Joe Wales started out as a next-door business neighbor of Michael Capriotto's in the Village of Orchard Park about 26 years ago.
That connection grew into a friendship. Wales came to appreciate Capriotto as a mentor and selfless person who cared deeply about the village.
"Mike's the type of guy who does it because it's what's right and it's what needs to be done, not because he wants recognition," Wales said.
On Friday, Wales was coping with the news that Capriotto was gone. Capriotto died Thursday night in a helicopter crash in Pennsylvania along with developer Mark Croce.
Capriotto, 63, was the owner of Bauer's Village Center, which hosts a Kwik Fill gas station, a Tim Hortons cafe, a Subway restaurant and a Pedego electric bike shop. Capriotto had converted the site from Bauer Service, an auto service shop that was previously owned by his father and uncle.
The development of that business explains only part of what Capriotto meant to the community, according to those who knew him.
“Mike never let any grass grow under his feet,” said David Bergner, owner of Bauer Automotive in Orchard Park, a repair shop that once was affiliated with Bauer Service. “He did a lot of things for this community.”
Don Lorentz, executive director of the Orchard Park Chamber of Commerce, said Capriotto was a dedicated fundraiser who played a leading role in restoring the town’s historic train depot and reviving Veterans Memorial Park in the village.
“He’s been there for just about everything we do here,” Lorentz said.
Lorentz said Capriotto and Croce, 58, became close friends after Croce hired Capriotto to precision-cut and install the floor tile for his Curtiss Hotel in downtown Buffalo.
Wales, who runs Arthur's True Value hardware store and Arthur's Home Furnishings next to Capriotto's business on South Buffalo Street, saw how involved Capriotto was in Orchard Park without seeking credit.
"Mike's not the guy that's in front of the camera," Wales said. "He's the guy that's over there digging a hole for Veterans Park or over there helping the village repair the lamp posts."
Wales experienced Capriotto's kindness himself.
"He'll come over and say, 'Hey, Joe, your Dumpster was overflowing. I just packed it down with my loader,'" Wales said.
"Some siding was blown off the building a couple of weeks ago and I said, 'Mike, can I borrow your lift?' " Wales said. "He says, 'Oh, yeah,' and not only that, he comes over with the lift and says, 'Let me help you with that.' "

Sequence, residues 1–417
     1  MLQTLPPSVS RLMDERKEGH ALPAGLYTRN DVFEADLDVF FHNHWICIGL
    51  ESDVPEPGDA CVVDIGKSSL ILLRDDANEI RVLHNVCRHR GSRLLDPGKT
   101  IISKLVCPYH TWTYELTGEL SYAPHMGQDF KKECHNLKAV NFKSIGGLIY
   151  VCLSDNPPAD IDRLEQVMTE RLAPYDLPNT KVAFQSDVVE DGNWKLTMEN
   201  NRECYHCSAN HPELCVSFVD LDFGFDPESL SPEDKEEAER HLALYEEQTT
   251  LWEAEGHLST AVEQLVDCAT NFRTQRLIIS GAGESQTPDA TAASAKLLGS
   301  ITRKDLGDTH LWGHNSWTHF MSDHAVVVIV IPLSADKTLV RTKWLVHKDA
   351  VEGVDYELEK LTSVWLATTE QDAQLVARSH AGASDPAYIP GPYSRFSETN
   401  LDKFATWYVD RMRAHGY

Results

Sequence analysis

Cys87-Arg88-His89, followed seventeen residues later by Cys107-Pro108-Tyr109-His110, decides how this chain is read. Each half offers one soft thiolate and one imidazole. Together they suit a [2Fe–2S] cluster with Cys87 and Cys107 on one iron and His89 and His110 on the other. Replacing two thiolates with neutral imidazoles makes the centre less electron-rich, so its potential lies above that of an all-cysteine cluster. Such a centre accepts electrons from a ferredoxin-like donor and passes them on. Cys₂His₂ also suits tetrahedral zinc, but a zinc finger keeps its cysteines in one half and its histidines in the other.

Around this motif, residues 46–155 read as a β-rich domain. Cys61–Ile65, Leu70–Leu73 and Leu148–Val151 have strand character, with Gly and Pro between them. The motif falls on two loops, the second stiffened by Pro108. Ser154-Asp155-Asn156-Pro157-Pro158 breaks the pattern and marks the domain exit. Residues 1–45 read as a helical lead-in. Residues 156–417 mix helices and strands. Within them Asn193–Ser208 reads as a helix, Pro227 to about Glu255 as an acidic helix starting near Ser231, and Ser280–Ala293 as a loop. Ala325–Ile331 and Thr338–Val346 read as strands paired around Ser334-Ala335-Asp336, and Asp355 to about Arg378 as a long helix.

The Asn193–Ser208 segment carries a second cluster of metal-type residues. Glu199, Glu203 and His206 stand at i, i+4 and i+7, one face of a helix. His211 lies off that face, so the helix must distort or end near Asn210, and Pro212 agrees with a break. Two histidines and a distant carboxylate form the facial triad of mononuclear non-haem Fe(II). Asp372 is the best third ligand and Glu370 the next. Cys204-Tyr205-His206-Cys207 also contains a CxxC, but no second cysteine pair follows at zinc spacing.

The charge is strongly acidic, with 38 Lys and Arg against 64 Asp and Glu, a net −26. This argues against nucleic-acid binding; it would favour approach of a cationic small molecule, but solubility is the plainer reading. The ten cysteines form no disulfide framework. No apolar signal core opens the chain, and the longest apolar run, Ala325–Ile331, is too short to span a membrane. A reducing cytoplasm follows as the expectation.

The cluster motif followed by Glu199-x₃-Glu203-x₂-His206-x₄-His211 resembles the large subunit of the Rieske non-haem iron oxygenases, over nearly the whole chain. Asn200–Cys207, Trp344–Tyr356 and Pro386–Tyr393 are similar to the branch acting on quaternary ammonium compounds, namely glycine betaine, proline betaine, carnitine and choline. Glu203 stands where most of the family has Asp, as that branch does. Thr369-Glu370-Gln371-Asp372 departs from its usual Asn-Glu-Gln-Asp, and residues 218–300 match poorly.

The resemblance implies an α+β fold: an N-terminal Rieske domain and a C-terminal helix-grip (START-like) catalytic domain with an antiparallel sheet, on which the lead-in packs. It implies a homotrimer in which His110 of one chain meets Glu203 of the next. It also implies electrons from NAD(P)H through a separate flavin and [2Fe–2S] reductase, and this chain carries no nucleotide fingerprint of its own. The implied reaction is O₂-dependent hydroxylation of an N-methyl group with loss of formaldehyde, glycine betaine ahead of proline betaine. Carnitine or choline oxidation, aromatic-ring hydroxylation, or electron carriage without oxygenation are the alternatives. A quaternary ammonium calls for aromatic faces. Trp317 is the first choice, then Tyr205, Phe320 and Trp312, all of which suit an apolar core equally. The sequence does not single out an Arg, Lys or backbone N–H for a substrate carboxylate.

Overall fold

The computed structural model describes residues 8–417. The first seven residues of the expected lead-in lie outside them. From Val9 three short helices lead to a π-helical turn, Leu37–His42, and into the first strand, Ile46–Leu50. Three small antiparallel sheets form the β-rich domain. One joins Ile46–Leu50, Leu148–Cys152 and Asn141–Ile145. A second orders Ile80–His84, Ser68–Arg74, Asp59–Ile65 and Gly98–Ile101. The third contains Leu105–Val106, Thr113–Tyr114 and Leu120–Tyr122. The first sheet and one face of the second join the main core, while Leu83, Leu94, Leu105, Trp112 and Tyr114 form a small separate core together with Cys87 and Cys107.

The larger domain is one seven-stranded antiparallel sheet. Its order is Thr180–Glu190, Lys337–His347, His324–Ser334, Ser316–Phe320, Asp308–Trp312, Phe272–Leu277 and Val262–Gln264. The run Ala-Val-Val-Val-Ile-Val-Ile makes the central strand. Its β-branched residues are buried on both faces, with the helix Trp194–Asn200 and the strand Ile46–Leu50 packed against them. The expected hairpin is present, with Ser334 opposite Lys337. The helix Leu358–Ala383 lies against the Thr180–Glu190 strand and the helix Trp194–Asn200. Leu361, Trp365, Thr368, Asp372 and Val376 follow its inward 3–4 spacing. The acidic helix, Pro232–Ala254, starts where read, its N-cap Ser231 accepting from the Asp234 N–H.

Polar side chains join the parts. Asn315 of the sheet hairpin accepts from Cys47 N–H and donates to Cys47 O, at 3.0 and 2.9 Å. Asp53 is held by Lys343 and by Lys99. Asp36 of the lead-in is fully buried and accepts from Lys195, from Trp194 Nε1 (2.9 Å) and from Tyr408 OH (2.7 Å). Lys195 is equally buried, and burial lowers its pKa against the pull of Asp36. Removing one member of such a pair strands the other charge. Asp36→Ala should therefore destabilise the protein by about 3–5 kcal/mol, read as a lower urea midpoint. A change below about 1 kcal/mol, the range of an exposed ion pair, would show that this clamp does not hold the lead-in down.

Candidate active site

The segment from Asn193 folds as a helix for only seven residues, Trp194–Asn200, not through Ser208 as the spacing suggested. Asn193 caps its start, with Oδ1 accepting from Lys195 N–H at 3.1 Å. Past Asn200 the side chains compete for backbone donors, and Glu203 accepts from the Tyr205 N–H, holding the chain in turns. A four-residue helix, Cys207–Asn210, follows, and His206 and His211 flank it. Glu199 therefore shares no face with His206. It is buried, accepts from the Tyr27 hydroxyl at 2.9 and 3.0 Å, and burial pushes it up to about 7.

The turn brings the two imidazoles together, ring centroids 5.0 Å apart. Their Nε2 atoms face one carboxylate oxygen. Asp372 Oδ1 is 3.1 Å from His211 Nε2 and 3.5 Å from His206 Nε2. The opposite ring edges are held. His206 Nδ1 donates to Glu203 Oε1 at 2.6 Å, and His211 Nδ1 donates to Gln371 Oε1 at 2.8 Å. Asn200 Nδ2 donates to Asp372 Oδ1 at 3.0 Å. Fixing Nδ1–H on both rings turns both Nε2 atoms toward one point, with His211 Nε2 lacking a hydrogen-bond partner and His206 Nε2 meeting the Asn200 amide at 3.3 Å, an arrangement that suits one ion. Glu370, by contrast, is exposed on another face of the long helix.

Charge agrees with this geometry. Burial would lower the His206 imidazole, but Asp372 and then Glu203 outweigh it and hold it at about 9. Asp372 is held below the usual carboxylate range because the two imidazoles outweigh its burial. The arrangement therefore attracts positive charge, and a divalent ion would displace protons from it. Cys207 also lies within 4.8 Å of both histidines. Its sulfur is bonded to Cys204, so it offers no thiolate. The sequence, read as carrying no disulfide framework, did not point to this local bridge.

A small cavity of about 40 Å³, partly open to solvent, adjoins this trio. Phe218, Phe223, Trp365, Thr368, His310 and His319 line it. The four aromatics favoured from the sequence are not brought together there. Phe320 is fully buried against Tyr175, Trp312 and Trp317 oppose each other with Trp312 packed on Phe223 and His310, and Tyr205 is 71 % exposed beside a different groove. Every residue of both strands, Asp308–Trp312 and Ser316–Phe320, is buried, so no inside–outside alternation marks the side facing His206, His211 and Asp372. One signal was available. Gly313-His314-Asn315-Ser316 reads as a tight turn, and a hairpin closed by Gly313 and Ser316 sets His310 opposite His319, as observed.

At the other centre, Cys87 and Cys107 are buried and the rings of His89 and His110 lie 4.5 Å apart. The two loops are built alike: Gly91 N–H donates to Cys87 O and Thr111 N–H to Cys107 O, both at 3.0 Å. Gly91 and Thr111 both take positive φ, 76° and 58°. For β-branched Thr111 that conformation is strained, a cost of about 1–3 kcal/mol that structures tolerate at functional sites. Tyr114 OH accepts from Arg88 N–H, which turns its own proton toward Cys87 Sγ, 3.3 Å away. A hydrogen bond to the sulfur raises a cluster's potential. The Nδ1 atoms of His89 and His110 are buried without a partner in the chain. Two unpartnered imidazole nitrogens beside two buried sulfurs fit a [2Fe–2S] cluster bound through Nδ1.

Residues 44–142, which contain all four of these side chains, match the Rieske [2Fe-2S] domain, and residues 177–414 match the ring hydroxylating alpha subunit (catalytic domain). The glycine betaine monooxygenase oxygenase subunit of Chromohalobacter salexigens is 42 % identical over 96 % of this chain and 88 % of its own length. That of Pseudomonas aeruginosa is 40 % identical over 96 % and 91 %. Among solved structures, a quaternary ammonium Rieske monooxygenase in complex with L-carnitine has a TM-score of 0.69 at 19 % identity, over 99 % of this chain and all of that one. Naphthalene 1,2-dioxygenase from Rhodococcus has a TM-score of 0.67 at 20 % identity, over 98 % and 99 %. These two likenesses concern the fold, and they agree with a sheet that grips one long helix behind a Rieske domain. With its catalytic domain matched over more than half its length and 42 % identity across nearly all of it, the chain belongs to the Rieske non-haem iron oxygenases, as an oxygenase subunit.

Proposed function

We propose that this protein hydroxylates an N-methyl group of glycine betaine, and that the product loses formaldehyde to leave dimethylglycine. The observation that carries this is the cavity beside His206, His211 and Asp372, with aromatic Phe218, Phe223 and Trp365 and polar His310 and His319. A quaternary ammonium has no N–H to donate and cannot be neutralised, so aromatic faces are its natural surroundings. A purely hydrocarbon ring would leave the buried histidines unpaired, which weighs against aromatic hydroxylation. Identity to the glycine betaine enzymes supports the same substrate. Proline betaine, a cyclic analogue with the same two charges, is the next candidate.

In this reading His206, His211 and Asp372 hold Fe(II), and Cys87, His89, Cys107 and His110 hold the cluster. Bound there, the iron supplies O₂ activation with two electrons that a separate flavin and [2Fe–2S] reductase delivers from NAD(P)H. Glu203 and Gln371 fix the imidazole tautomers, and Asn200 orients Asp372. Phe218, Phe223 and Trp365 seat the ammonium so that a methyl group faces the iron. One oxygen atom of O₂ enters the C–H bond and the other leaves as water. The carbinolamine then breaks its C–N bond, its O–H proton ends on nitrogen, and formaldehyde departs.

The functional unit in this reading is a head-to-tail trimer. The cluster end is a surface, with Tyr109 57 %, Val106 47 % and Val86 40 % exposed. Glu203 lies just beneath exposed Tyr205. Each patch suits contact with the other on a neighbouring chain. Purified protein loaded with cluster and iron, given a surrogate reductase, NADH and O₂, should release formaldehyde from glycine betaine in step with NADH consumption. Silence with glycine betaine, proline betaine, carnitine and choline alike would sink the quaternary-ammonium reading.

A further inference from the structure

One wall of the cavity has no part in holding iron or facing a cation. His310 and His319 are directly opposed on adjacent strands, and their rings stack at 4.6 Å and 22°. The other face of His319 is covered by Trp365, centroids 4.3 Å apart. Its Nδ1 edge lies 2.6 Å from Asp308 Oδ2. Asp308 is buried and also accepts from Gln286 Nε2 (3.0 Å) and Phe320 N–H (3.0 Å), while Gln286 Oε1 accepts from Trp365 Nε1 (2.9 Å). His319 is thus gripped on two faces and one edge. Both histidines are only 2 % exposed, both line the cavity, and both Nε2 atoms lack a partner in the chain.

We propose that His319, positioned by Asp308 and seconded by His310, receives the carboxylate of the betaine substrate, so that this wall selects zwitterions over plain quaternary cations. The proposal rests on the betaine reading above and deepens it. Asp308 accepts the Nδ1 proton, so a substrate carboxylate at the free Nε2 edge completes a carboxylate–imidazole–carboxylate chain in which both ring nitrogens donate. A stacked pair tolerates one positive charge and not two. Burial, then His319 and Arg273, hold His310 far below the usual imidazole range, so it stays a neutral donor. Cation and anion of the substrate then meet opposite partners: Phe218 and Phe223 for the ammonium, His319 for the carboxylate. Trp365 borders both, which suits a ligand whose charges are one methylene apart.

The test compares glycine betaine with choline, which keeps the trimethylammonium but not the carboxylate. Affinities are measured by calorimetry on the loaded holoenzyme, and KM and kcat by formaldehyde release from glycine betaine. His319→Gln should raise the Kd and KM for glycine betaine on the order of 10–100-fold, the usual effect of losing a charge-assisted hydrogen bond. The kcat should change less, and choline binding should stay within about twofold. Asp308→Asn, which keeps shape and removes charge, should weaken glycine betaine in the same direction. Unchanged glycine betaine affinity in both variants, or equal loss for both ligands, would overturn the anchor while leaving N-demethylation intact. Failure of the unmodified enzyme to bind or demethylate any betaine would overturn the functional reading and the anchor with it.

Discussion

"A lot of people know publicly what he did because he's won awards to recognize his contributions to the community," Wales said, "but what a lot of people don't know is the behind-the-scenes things."
Capriotto in 1997 received Orchard Park's "Post of Fame" award, given annually to recognize an individual for dedication to the community. He was also the president of the Woodlawn Cemetery Association.
"He's just a major part of the community, a pillar, there to help and always willing and a positive force," said Orchard Park Mayor Jo Ann Litwin Clinton.
Capriotto served as a village trustee for one year, in 1998. He was appointed to fill an unexpired term and then won election, but he had to step aside when he and his family moved outside of the village limits.
"He still was always a help to the village," she said. "If we were putting up Christmas wreaths or moving snow, it didn't matter, he was there to help us."
Erie County Legislator John Mills, R-Orchard Park, has known Capriotto and his family for decades. "I think he has a lot of dedication to his family and his hometown. That's one of his shining accomplishments, his activity in the village and moving things forward, different projects."
"He was active but he kept a low profile," Mills said.
In 2016, Capriotto opened a Pedego Buffalo electric bike shop. In a video posted on the Pedego Buffalo website, Capriotto recalled how the first time he rode a Pedego bike, it made him "feel like a kid again."
"The kind of fun, the exercise and just the experience of riding a bike at my age was something I felt that I had to share with everyone," he says in the video.
On Friday, Capriotto's friends and colleagues were trying to imagine life in Orchard Park without him.
"I just had a conversation with him Tuesday," Wales said. "We'd talk three, four five times a week. It's going to be a huge hole for us."